Five Essential Elements of Business Recovery
The article re-printed courtesy of IBM ForwardView eMagazine
In the current business environment, the old adage “time is money” applies now more than ever. So what happens when everyday operations are disrupted? According to the U.S. Labor Department, more than 40 percent of all companies that experience a disaster never reopen – and more than 25 percent of those that do reopen after a disaster occurs will close down for good within two years. But even if your company doesn’t go through a major disaster, chances are high that it will experience the negative consequences of unplanned outages that make business as usual impossible.
The problem is amplified in challenging economic times, says Warren Sirota, a segment executive with IBM Business Continuity and Resiliency Services. “If the business is already suffering from lower revenue because of the economy and a significant outage occurs, the impact can be much more dramatic than during good times,” he says.
Downtime quickly becomes revenue loss
Even though a crippling outage is almost certain to hit most companies someday, many executives running midsized organizations adopt an “it won’t happen here” attitude. They would be wise to think again. A business may not be located on the coast where hurricanes strike, but power outages can still occur. According to Infonetics Research, most companies suffer between 300 to 1,000 hours of downtime a year.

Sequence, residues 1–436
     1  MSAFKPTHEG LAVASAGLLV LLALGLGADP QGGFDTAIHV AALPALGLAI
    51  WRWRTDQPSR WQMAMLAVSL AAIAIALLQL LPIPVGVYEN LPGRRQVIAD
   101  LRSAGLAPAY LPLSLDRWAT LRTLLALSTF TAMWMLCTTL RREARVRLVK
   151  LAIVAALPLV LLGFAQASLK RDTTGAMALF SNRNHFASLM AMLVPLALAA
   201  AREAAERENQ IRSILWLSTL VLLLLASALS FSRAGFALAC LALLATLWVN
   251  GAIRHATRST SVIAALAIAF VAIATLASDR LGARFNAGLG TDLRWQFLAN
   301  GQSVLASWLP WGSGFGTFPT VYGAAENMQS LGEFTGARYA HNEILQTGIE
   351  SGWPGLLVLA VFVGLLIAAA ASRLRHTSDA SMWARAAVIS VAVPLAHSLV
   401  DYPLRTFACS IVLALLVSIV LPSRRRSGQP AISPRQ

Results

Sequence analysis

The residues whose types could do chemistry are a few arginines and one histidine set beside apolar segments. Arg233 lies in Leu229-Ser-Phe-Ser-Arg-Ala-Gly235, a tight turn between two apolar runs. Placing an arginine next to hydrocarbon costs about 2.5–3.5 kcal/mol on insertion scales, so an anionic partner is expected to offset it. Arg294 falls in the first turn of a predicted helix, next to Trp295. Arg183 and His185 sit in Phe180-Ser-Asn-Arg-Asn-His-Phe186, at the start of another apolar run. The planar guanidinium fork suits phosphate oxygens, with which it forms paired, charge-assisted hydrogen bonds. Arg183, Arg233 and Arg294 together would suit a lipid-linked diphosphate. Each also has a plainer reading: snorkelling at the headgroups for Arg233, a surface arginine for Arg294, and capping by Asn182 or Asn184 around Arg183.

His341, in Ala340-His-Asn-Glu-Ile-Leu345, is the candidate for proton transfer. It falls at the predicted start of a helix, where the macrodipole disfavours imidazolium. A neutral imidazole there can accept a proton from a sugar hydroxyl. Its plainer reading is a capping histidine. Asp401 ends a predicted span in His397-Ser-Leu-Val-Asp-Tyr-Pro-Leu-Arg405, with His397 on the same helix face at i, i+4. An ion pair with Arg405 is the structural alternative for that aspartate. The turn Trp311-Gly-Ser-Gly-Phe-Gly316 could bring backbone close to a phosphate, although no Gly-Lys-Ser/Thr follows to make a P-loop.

“Resilience is the ability to take a blow and keep on going.” Wildfires may not be prevalent where a business operates, but no company is exempt from the risk of a building fire. And while Mother Nature is responsible for many outages, downtime can also be caused by air conditioning failures, coffee machine malfunctions, bursting pipes, human error, insects, roof cave-ins and vandalism.
No matter the cause of a disaster, the accompanying costs quickly add up. In some industries, says Infonetics Research, downtime costs can equal up to 16 percent of revenue. And according to the analysis firm Meta Group, every hour of downtime carries an hourly cost of more than $200 for every employee on staff.